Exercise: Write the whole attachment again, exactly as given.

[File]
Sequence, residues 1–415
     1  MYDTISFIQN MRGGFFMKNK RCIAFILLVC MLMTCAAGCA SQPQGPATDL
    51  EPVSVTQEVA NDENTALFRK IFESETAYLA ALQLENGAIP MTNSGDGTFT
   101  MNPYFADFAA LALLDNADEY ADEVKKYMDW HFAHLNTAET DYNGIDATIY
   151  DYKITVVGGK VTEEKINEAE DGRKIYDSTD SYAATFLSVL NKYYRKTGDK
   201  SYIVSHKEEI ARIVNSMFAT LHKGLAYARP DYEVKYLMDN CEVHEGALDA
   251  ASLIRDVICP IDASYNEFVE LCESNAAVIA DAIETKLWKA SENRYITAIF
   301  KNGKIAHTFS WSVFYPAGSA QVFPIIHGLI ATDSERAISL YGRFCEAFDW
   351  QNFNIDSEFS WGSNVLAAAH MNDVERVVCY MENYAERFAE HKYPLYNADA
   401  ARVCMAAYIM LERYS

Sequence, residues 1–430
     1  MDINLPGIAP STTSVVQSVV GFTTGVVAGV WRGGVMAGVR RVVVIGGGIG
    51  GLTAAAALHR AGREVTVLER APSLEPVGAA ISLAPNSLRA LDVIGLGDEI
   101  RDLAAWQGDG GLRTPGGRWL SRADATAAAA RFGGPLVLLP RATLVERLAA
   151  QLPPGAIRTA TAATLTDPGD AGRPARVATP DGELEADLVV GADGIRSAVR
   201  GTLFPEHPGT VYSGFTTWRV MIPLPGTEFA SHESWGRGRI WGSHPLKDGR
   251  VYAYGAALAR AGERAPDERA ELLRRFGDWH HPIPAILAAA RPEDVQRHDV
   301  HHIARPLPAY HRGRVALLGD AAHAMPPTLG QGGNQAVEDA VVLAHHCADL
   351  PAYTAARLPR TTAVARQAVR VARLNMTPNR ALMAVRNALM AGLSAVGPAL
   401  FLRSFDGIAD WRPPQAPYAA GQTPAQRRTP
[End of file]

Sequence, residues 1–415
     1  MYDTISFIQN MRGGFFMKNK RCIAFILLVC MLMTCAAGCA SQPQGPATDL
    51  EPVSVTQEVA NDENTALFRK IFESETAYLA ALQLENGAIP MTNSGDGTFT
   101  MNPYFADFAA LALLDNADEY ADEVKKYMDW HFAHLNTAET DYNGIDATIY
   151  DYKITVVGGK VTEEKINEAE DGRKIYDSTD SYAATFLSVL NKYYRKTGDK
   201  SYIVSHKEEI ARIVNSMFAT LHKGLAYARP DYEVKYLMDN CEVHEGALDA
   251  ASLIRDVICP IDASYNEFVE LCESNAAVIA DAIETKLWKA SENRYITAIF
   301  KNGKIAHTFS WSVFYPAGSA QVFPIIHGLI ATDSERAISL YGRFCEAFDW
   351  QNFNIDSEFS WGSNVLAAAH MNDVERVVCY MENYAERFAE HKYPLYNADA
   401  ARVCMAAYIM LERYS

Sequence, residues 1–430
     1  MDINLPGIAP STTSVVQSVV GFTTGVVAGV WRGGVMAGVR RVVVIGGGIG
    51  GLTAAAALHR AGREVTVLER APSLEPVGAA ISLAPNSLRA LDVIGLGDEI
   101  RDLAAWQGDG GLRTPGGRWL SRADATAAAA RFGGPLVLLP RATLVERLAA
   151  QLPPGAIRTA TAATLTDPGD AGRPARVATP DGELEADLVV GADGIRSAVR
   201  GTLFPEHPGT VYSGFTTWRV MIPLPGTEFA SHESWGRGRI WGSHPLKDGR
   251  VYAYGAALAR AGERAPDERA ELLRRFGDWH HPIPAILAAA RPEDVQRHDV
   301  HHIARPLPAY HRGRVALLGD AAHAMPPTLG QGGNQAVEDA VVLAHHCADL
   351  PAYTAARLPR TTAVARQAVR VARLNMTPNR ALMAVRNALM AGLSAVGPAL
   401  FLRSFDGIAD WRPPQAPYAA GQTPAQRRTP